Sometimes you just have to forgive the person who’s made your life miserable in order to have peace of mind and move on. And sometimes you have to change and meet the person you love in the middle. No one gets to have all their expectations met, but there can still be a happy ending. Join Janet, Wendilynn, and me, Cici, as we discuss character arcs, redemption, and realistic happy endings.
Wendilynn: I was really happy with the character growth shown in these last two episodes. There is such a huge emotional difference between Hwan Ki and Ro Woon and in how they show those emotions. But instead of letting them get petty with each other, like dramas are known to do once the problems are solved, they kept them working on those differences. I liked that.
Cici: That was one of the best things about this drama. The character growth was spread out over the entire series, not just saved as a ridiculous redemption scene for the final episode. It was refreshing to see not only Hwan Ki, but Woo Il and Yi Soo grow and develop. Even the minor characters had lovely character arcs as they learned to adapt to and appreciate Hwan Ki.
Janet: The only character I had a problem with was the reporter – we finally understand his motivation and in the end he was true to himself, but I still didn’t like him. He was the catharsis for the chain of events, but just not a likable character.
Wendilynn: Yeah, he was being awful as he couldn’t see anything worth redeeming in his own pain. The other character that stayed truly awful was Hwan Ki’s dad. I know some will think he got a redemption arc, but he really didn’t. He was a bully because he was actually a coward and he finally got called on it by Hwan Ki. Hwan Ki even made him go apologize to Ro Woon’s dad. I really loved how Hwan Ki wasn’t going to let his dad bully anyone anymore. That made me happy.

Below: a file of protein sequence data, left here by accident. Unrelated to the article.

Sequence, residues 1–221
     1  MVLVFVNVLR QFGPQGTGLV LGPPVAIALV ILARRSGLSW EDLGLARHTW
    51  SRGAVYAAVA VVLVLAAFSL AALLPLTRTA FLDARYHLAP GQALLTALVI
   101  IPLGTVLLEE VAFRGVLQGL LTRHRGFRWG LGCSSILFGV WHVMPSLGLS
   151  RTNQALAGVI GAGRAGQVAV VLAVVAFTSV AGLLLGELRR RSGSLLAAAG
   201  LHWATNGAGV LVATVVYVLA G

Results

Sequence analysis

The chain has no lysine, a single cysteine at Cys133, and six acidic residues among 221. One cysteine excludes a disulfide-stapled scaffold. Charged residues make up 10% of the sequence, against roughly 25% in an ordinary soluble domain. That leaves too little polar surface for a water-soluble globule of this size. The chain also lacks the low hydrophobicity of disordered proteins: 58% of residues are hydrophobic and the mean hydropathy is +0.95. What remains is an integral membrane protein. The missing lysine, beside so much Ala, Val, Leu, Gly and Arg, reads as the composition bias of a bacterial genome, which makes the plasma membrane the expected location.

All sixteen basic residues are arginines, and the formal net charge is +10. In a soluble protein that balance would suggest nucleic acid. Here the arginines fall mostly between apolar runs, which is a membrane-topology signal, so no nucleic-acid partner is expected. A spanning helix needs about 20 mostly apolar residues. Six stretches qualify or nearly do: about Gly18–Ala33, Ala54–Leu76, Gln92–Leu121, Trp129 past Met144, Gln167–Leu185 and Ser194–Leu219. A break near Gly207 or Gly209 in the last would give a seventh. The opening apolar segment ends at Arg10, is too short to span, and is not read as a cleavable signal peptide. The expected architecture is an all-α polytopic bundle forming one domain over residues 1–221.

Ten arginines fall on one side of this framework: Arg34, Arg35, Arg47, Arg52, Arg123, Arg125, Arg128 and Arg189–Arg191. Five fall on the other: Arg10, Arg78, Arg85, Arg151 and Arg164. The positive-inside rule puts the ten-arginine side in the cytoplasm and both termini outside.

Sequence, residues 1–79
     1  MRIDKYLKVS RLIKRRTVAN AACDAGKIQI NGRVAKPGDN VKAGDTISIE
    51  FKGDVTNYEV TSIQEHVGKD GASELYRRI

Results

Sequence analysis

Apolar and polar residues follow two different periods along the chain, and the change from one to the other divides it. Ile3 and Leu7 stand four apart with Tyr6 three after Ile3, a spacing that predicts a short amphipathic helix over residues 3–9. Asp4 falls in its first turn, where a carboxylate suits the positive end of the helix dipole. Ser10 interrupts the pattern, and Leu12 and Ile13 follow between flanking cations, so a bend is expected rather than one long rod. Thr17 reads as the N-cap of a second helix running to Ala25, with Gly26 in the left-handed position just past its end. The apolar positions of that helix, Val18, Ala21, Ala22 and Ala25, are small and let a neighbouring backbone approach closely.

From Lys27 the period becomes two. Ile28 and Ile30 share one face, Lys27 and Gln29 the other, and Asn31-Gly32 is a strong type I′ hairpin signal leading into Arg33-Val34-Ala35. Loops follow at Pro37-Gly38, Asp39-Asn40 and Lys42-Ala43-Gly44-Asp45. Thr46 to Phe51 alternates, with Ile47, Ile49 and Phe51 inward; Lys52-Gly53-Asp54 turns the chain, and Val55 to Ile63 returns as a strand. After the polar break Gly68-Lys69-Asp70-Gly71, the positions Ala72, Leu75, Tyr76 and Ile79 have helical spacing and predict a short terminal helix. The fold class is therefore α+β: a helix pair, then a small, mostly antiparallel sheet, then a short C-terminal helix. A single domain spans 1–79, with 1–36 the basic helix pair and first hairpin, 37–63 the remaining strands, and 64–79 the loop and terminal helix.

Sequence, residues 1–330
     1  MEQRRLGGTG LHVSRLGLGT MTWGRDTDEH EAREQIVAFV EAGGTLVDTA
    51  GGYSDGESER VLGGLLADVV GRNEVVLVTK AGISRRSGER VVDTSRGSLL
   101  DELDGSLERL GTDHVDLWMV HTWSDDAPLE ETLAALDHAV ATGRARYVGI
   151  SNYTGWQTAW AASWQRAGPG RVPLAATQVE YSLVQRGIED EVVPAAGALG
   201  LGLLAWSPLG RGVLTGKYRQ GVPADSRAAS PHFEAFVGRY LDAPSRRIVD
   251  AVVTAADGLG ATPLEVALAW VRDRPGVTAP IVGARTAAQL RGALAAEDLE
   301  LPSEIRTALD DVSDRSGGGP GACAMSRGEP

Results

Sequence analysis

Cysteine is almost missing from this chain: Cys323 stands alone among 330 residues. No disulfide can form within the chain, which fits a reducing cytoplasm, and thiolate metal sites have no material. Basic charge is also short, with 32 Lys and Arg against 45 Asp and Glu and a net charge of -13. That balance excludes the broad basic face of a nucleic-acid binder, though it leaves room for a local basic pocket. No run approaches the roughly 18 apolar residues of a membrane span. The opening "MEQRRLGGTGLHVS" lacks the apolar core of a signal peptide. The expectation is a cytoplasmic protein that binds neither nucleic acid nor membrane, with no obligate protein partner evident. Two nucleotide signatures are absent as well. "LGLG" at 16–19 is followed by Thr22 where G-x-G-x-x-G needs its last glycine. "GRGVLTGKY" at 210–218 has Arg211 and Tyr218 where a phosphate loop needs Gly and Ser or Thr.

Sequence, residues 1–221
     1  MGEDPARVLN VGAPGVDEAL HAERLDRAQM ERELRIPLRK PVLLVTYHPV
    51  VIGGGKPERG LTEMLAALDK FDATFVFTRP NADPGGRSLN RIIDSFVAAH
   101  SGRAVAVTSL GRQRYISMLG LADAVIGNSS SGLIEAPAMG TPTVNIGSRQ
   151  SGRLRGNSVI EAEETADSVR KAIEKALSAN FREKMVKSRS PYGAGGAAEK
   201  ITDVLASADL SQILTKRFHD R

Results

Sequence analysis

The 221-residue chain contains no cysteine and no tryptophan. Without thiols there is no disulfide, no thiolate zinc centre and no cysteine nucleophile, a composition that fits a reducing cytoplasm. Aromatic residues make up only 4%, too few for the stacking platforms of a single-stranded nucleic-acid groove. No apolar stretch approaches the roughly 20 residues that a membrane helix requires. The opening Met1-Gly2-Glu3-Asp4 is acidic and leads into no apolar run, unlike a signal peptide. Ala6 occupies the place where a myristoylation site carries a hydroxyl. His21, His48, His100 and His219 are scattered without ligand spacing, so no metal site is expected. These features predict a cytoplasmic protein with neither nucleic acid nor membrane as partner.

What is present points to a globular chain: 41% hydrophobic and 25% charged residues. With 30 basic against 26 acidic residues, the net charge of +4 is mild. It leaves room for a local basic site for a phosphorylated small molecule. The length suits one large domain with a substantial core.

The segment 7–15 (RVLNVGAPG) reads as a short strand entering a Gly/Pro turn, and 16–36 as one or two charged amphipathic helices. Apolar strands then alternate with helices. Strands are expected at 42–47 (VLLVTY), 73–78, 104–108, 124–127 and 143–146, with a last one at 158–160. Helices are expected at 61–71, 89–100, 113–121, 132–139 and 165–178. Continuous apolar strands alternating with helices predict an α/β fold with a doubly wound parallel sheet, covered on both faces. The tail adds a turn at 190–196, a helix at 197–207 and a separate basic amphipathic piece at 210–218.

Janet: I loved when Hwan Ki yelled at his dad and walked out on him. That was AWESOME!
Cici: I loved that scene, too. Hwan Ki changed in all the ways that really mattered, while keeping his ability to observe and appreciate the strengths of those around him. His new-found communication skills finally enabled him to express himself in more than a one-on-one setting. That encounter with his dad really showed how he had been liberated from a lifetime of abuse. It was very similar to the way Yi Soo was finally able to explain how she had been forced to pretend to be perfect by the expectations of her parents.
Wendilynn: His dad was so ready to throw Woo Il under the bus and Hwan Ki wasn’t having any of that. He was so done. It was great to see that he was finally the man his father had wanted him to be, but just didn’t know how to develop. He went about it in such a wrong way.
Janet: I think Hwan Ki was a way better man than his dad wanted. I feel dad was trying to mold a “mini-me”, not a son that would be able to stand up to him and do things the “right way.”
Cici: Yes. Dad clearly had no morals, and no family loyalty. How was it okay to justify his past to Ro Woon’s dad by explaining that he was ashamed of raising a son like Hwan Ki? Ugh. Nope, no redemption arc for him. I loved how Ro Woon’s dad told him he understood his pain, but that he should be proud of his son.
Wendilynn: No, his dad was not redeemed. But he was willing to go in front of her dad even if his words were wrong…AND he resigned from running for office. I feel he did that for his kids. BUT, the true father in this story is Ro Woon’s dad. He showed how to face hard things and forgive, move on and grasp happiness. I admit my heart tugged pretty hard when he was giving Hwan Ki’s dad that shave. His dad didn’t deserve to be treated well, but because he knew how much his daughter loved Hwan Ki and how much Hwan Ki had shown his family respect, he wasn’t going to let a petty cowardly man come between their two families. I wish more people were like that.
Cici: It was kind of like Ro Woon and Yi Soo. That bathing scene was surprising–so much tension from all the bad memories and hard feelings, and Ro Woon managed to literally wash them all away. Who knew back scrubs could be the avenue to world peace?